This statue in the Parque Centro America, in the center of Xela, commemorates the work of a political activist, “the favorite daughter of Xelaju,” Elisa Molina de Stahl (Doña Elisa, as she is known here). According to my teacher, there was a great uproar in Xela when Rigoberto Minchú received the Nobel Peace prize; everyone in Xelu thought that it would have been more justly awarded to Doña Elisa (but had not been, because she was wealthy, and Minchú had suffered…)
Just a prelude to a collection of my favorite-so-far quotes (some of them are awful; all of them represent some puzzlement, some tension, between what we know-and-what-we-don’t):
From our orientation to the school:
“To kill the fish, you must take out the water”
(Rios Montt’s argument for destroying villages, in order to stop the guerilla movement).
From a conference on the Sandinista movement in Nicaragua:
“It was prohibited to be young in Nicaragua at this time.”
“The people are never wrong. They just pass the bill.”
“We need to change the way that people just think just their own profit; ask instead how many people can benefit from this project.”
From a talk about “the rebel radio, La Vox Popular”:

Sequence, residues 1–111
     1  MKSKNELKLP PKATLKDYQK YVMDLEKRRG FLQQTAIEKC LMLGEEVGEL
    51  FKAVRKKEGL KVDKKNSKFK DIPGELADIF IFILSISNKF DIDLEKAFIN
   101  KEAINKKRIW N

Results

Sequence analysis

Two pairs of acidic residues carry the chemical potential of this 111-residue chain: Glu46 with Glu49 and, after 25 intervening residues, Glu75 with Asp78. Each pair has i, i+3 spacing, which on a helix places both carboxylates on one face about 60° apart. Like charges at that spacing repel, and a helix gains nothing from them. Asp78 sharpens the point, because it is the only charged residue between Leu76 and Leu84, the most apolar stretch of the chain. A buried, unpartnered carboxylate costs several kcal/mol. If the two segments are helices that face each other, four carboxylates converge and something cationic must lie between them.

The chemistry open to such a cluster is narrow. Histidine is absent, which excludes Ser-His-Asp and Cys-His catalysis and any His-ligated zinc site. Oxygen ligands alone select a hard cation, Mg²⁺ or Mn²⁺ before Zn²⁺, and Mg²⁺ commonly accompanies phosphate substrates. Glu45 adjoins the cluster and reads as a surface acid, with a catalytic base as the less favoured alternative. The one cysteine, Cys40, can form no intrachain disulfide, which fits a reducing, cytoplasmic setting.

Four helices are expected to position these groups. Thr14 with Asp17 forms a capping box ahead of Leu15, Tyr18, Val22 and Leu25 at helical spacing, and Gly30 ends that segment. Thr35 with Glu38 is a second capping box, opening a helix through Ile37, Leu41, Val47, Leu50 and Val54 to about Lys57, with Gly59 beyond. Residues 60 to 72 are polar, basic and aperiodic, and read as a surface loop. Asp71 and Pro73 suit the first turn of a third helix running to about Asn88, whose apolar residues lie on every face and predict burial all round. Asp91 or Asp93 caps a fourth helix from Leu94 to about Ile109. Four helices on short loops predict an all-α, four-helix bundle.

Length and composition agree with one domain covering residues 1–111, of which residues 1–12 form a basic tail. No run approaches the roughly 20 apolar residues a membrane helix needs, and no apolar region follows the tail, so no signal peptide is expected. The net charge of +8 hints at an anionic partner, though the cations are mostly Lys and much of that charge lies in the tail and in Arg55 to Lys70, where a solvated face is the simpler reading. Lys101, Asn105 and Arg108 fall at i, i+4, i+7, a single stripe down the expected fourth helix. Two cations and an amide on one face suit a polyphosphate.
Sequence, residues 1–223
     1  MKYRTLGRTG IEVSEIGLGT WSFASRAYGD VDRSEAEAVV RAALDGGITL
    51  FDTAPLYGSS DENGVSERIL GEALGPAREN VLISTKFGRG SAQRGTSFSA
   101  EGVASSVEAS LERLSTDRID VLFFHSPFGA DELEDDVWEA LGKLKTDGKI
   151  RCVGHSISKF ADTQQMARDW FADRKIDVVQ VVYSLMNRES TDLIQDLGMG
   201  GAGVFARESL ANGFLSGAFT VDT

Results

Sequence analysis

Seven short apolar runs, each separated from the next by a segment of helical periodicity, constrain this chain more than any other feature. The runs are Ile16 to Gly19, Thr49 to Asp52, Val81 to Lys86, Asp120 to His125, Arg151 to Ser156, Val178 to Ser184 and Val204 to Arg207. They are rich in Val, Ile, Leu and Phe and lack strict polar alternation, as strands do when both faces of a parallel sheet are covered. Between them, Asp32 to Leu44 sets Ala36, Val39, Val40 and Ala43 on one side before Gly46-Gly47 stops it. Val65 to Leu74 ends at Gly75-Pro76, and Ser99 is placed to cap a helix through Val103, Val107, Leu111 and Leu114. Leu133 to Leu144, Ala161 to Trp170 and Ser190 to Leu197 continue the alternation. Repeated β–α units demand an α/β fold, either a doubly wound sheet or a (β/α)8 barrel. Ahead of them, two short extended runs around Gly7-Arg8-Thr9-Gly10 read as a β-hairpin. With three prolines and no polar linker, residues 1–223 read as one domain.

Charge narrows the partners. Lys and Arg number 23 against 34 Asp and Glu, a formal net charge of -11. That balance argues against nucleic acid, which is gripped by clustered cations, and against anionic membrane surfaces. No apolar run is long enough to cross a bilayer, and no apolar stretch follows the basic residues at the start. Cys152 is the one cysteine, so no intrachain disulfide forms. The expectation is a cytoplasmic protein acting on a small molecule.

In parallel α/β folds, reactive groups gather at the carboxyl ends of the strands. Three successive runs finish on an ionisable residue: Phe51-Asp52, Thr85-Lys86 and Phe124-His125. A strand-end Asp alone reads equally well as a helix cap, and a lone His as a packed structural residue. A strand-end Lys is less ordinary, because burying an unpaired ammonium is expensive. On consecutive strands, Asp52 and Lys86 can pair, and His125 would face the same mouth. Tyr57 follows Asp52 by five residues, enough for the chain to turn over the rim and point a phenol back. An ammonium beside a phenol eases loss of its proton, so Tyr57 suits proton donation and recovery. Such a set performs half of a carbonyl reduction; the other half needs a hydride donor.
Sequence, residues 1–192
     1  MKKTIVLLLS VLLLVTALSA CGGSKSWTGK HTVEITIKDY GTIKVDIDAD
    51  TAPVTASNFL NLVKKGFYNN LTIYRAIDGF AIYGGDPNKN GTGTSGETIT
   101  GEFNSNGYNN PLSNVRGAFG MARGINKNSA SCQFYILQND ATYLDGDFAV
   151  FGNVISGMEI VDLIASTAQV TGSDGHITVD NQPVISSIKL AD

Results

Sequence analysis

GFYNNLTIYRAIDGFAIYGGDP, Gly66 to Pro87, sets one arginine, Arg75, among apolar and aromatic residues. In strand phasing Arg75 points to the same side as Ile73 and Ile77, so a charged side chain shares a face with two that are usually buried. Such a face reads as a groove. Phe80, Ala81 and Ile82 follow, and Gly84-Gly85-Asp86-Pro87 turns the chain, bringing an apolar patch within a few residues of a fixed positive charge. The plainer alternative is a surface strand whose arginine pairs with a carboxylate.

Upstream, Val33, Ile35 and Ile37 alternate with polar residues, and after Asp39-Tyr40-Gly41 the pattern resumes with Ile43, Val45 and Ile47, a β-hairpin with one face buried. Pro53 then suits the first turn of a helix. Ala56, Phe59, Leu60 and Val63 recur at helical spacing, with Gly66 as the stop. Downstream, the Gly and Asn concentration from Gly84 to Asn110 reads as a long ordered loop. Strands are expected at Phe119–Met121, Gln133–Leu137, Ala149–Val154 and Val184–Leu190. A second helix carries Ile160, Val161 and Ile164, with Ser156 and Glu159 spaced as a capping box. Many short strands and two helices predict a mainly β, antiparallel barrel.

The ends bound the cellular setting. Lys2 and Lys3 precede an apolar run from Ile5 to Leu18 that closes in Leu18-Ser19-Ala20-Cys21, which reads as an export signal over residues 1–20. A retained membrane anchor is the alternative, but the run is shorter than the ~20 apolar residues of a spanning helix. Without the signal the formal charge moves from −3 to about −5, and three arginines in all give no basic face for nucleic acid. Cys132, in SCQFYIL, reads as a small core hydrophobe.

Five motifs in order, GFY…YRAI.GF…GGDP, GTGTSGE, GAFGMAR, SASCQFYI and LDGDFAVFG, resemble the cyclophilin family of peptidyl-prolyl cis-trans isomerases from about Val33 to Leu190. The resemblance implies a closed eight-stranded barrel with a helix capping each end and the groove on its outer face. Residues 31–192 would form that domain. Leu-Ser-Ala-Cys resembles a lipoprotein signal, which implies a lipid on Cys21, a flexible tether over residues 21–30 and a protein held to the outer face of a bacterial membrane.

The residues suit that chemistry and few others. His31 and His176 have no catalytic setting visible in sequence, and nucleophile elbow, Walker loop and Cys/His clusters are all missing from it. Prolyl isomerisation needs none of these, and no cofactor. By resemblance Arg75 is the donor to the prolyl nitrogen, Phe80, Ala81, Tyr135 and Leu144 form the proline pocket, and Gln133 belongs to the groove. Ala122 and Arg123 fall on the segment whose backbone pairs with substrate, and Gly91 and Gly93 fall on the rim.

“We learned in the road as we went along.”
“I passed the test for for a strong voice: the voice of the guerilla.”
(On learning to read aloud:) “The meaning would lose itself without the pauses.”
“We had to think about different formats, since the problems remained the same. We had to change the program while saying the same thing.”
“The corn is higher than the houses.”
“I don’t think they have zoning laws in this country.”
From one of my teachers:
“El matrimonio es el bano no se piensan.”
("Marriage is a (cold?) bath you haven’t thought about.”)
Guatemalan slang and sayings I found in a newspaper (literal meaning followed by interpretation…)
El que entre la miel anda algo se le pega
("something sticks to those who walk in honey," or
people take on the habits of those around them).
Lo que de noche se hace, de día aparece
("what is done in the night is discovered in the day," or
secret deeds always come to light).
Llevar bien puestos los pantalones
("to have the pants firmly in place," or
to be in charge).
("to flatten the streets," or
to wander aimlessly).
Estar como los ocho cuartos
("to be like eight rooms" [=like a house chopped up into small spaces] or to be very angry).
And finally: the first paper I saw after we left Antigua, EntreMundos
(Sept/Oct 2006), carried a story in it about Saint-Exupéry’s The Little Prince,
which tickled me very much. (I think I got it translated more-or-less right.) It said that
“According to many interpreters, Asteroid B-612 is the colonial city of Antigua Guatemala, because it was there that the author recuperated after suffering an accident taking off in his airplane from Guatemala City on a trip to Nicaragua, after landing for fuel. It is said that it is Antigua, because it is the only city in the world with three volcanoes, two of them active, exactly the description of the asteroid. The rose of the same asteroid is probably an analogy with Antigua, described as the city of the rose.”
I don’t know whether I believe this, but it makes for such a nice story!